Mini-reel for SMD components
The mini-reel is a reel for SMD components on cut tape. It is compatible with the standard 7" reels, only smaller. Its capacity is therefore also much smaller: about 1/4th of what a 7" reel can hold.
Most importantly, the design follows the standard for reels for the essential dimensions (EIA-481). The mini-reels that were once on the market had a diameter of 100mm, and this design inherits that size.
That said, the mini-reel is designed in OpenSCAD and all dimensions can be configured (with the OpenSCAD “Customizer”). You could even use this design file to generate standard 7" reels.
The suggested (and preset) dimensions of the mini-reel are: outer diameter = 100mm (nearly 4"), hub diameter = 50mm, spindle diameter = 13mm (the spindle is also called the “arbour”). There are presets for tape widths of 8mm, 12mm and 16mm, and the design adds a 1mm to that for tolerance. The “wall thickness” of the flanges is 1mm (meaning that the total thickness of a mini-reel is the tape width plus 3mm).
The mini-reel is printed in two parts, which are then glued together. One side is almost closed; this is the side on which you would put a label with the part information. The other side has three holes, to make it easier to stick the tail of the cut tape into one of the three slots. These three slots have varying widths, and this is because cut tape has varying thicknesses. The narrowest slot that the tape still fits in, typically holds the tape best.
The side for the label also optionally has a slit that runs from the hub to the edge, with a scale next to it. Its purpose is to allow you to estimate the amount of components left on the reel, see below.
Estimating the quantity left on a reel
Especially when a reel holds a small quantity of components, you will want to know whether there is enough for the batch at hand. And a mini-reel holds a small quantity almost by definition.
The most accurate estimate is when using a Reel Quantity Calculator. For this calculator, set the hub diameter to 50, and the “material thickness” to 0 (zero). You can accurately measure the “roll width” (the R-value in the calculator) with calipers through the slit with the scale and you need to measure the thickness of the tape with calipers as well.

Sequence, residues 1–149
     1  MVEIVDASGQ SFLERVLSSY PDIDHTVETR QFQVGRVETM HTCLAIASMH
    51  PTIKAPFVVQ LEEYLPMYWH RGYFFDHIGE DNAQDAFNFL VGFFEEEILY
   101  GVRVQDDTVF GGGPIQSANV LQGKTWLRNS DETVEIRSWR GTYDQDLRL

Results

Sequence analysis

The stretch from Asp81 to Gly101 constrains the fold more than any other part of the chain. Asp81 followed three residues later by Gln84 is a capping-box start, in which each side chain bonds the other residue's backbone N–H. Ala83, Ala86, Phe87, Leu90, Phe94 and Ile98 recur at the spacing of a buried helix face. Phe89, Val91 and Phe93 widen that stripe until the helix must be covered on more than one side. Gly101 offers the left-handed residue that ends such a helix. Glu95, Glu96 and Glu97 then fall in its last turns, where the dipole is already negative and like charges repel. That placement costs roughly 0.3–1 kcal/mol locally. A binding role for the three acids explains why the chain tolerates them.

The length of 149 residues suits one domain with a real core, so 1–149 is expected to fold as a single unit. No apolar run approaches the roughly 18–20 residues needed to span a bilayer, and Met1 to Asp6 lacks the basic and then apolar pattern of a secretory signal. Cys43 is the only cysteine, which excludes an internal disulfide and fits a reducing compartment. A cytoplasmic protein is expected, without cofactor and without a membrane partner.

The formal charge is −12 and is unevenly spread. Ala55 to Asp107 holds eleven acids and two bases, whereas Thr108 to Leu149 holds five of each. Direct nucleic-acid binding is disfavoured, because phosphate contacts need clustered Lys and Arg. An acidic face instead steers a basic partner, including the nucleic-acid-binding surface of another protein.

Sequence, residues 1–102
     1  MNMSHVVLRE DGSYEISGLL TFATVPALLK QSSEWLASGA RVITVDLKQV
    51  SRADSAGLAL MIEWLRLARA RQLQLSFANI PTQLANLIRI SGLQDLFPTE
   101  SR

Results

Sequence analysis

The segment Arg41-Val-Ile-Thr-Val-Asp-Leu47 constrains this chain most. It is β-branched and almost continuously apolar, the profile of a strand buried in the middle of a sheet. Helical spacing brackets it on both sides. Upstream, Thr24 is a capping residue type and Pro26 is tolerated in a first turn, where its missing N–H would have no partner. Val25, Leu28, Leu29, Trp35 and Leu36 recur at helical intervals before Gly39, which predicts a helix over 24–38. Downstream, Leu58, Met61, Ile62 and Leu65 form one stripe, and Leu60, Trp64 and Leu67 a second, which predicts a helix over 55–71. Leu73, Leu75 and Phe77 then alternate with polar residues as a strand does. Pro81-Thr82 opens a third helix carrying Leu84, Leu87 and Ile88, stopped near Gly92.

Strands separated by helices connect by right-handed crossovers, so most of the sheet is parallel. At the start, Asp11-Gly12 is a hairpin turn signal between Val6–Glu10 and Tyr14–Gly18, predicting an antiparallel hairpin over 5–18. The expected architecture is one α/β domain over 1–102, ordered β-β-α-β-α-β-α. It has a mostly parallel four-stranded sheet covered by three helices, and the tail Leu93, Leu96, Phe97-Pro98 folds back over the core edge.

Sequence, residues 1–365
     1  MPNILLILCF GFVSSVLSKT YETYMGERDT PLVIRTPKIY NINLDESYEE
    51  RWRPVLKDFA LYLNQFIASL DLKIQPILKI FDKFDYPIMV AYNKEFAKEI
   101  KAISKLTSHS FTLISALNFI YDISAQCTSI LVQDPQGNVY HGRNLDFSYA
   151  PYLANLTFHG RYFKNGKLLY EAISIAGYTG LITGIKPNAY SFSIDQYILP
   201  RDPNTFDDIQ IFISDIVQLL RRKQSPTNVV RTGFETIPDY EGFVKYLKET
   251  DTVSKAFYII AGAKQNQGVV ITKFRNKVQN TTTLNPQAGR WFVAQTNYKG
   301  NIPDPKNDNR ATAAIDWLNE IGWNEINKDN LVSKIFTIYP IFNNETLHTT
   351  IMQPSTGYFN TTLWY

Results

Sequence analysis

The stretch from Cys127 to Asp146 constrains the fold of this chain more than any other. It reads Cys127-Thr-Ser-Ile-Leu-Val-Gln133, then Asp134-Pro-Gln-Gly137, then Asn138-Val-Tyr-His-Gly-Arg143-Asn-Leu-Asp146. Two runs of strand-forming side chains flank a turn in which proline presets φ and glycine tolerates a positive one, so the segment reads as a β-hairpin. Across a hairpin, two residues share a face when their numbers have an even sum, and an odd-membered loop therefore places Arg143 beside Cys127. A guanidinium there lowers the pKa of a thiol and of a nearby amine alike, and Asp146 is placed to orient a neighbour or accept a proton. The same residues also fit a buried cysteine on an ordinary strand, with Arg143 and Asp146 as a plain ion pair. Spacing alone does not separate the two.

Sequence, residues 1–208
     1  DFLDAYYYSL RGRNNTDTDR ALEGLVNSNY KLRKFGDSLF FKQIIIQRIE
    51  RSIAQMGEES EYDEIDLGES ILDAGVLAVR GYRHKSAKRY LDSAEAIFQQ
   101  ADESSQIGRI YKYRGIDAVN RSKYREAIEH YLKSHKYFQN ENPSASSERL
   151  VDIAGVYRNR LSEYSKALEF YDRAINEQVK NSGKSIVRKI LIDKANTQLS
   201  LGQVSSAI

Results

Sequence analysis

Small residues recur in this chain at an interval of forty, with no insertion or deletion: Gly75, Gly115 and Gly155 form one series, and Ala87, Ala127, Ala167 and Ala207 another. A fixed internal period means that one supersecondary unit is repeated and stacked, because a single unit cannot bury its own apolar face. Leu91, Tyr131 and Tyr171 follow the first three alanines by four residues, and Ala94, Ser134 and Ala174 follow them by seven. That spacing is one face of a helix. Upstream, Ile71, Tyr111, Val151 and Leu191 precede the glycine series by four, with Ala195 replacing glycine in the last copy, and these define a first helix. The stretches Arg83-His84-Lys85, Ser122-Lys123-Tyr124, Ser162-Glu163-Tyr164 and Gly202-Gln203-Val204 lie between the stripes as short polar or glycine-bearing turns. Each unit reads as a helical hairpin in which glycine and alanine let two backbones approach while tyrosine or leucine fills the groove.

For a rough estimate, you do not need calipers or a calculator. The roll width can be read directly from the scale of the mini-reel, and it helps you “guestimate” the thickness of the tape as well. The three slots for holding the tail of the tape have a different sizes (see the table). Since you pick a slot that has the best fit, this gives you an upper and lower bound. A visual inspection then also tells you whether the tape thickness is closer to the upper or to the lower bound.
|Mini-reel Tape Size||Slot sizes|
|8mm||1, 2 and 3 mm|
|12mm||1.5, 3 and 4,5 mm|
|16mm||2, 4 and 6 mm|
With the estimate of the tape thickness and the value read from the mini-reel scale, you can read the quantity on the reel from the graph (with the caveat that this assumes that the tape is tightly wound on the reel). In case the components are spaced by 8mm instead of by 4mm, you have to divide the result by two.
At the turn of the century, when SMD components were not as ubiquitous as they are today, you could get parts in a quantity of 1000 on a mini-reel. It made sense, especially for prototyping and for the smaller manufacturing services: you could often not re-use left-over parts of one project in another, because SMD parts were still special. So for a small series, you would rather buy mini-reels instead of standard 7" reels (that hold 4000 or 5000 parts).
This changed as SMD parts became more and more common. Sales of 7" reels increased and those of mini-reels decreased, up to the point that part manufacturers decided that mini-reels were no longer commercially viable. Mini-reels all but disappeared from the market.
While mini-reels may not be commercially viable, there is still a use-case for them. The fact that several distributors offer a “re-reeling service” proves that there is still a market for smaller “package quantities” than a full reel, but yet have the parts on a reel.
When it comes to storage, small reels take less space than large ones. That, in a nutshell, is my rationale for the mini-reel. For a small company, with a small stockroom, but still a large selection of different components, all those barely filled 7" reels are a waste of space. The scale for estimating the component quantity left on the reel is a nice bonus.
|Mini-reel for 8mm tape, STL file|
|Mini-reel for 12mm tape, STL file|
|Mini-reel for 16mm tape, STL file|
|Design file for the mini-reel||OpenSCAD|
I recommend that the parts are printed on a smooth surface (so not a "textured" steel sheet). You will want the top side of the reel to be smooth for the label to stick well.
Supports or a brim are not needed.
When starting my design, I was aware of a similar mini-reel design on Thingiverse. After the fact, I also stumbled upon another, even smaller design, also on Thingiverse. Neither design appears to be parameterizable; they are both for 8mm "paper-tape" style cut tape. I wanted a configurable design, both to support several tape widths (at least 8mm and 12mm tape), and to support various tape thicknesses (embossed carrier tape is usually thicker than paper carrier tape).